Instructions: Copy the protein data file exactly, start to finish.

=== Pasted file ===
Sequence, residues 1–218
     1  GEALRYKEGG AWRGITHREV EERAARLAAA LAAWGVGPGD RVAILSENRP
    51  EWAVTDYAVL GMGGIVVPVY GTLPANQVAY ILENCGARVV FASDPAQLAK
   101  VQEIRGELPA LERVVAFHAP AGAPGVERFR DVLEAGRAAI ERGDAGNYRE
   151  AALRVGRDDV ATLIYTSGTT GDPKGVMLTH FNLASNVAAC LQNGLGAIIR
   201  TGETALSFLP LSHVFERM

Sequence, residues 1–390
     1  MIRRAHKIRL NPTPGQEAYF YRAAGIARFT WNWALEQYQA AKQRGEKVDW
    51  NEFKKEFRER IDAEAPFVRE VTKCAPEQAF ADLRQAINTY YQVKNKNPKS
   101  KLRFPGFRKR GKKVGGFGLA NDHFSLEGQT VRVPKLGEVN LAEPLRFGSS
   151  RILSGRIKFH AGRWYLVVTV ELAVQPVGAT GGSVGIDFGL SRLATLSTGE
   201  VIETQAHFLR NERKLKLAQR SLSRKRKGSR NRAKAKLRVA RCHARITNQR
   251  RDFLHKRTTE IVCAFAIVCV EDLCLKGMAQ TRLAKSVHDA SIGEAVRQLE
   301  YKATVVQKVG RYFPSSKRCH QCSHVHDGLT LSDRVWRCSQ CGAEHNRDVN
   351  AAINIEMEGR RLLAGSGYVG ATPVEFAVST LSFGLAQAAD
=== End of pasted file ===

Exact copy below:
Sequence, residues 1–218
     1  GEALRYKEGG AWRGITHREV EERAARLAAA LAAWGVGPGD RVAILSENRP
    51  EWAVTDYAVL GMGGIVVPVY GTLPANQVAY ILENCGARVV FASDPAQLAK
   101  VQEIRGELPA LERVVAFHAP AGAPGVERFR DVLEAGRAAI ERGDAGNYRE
   151  AALRVGRDDV ATLIYTSGTT GDPKGVMLTH FNLASNVAAC LQNGLGAIIR
   201  TGETALSFLP LSHVFERM

Sequence, residues 1–390
     1  MIRRAHKIRL NPTPGQEAYF YRAAGIARFT WNWALEQYQA AKQRGEKVDW
    51  NEFKKEFRER IDAEAPFVRE VTKCAPEQAF ADLRQAINTY YQVKNKNPKS
   101  KLRFPGFRKR GKKVGGFGLA NDHFSLEGQT VRVPKLGEVN LAEPLRFGSS
   151  RILSGRIKFH AGRWYLVVTV ELAVQPVGAT GGSVGIDFGL SRLATLSTGE
   201  VIETQAHFLR NERKLKLAQR SLSRKRKGSR NRAKAKLRVA RCHARITNQR
   251  RDFLHKRTTE IVCAFAIVCV EDLCLKGMAQ TRLAKSVHDA SIGEAVRQLE
   301  YKATVVQKVG RYFPSSKRCH QCSHVHDGLT LSDRVWRCSQ CGAEHNRDVN
   351  AAINIEMEGR RLLAGSGYVG ATPVEFAVST LSFGLAQAAD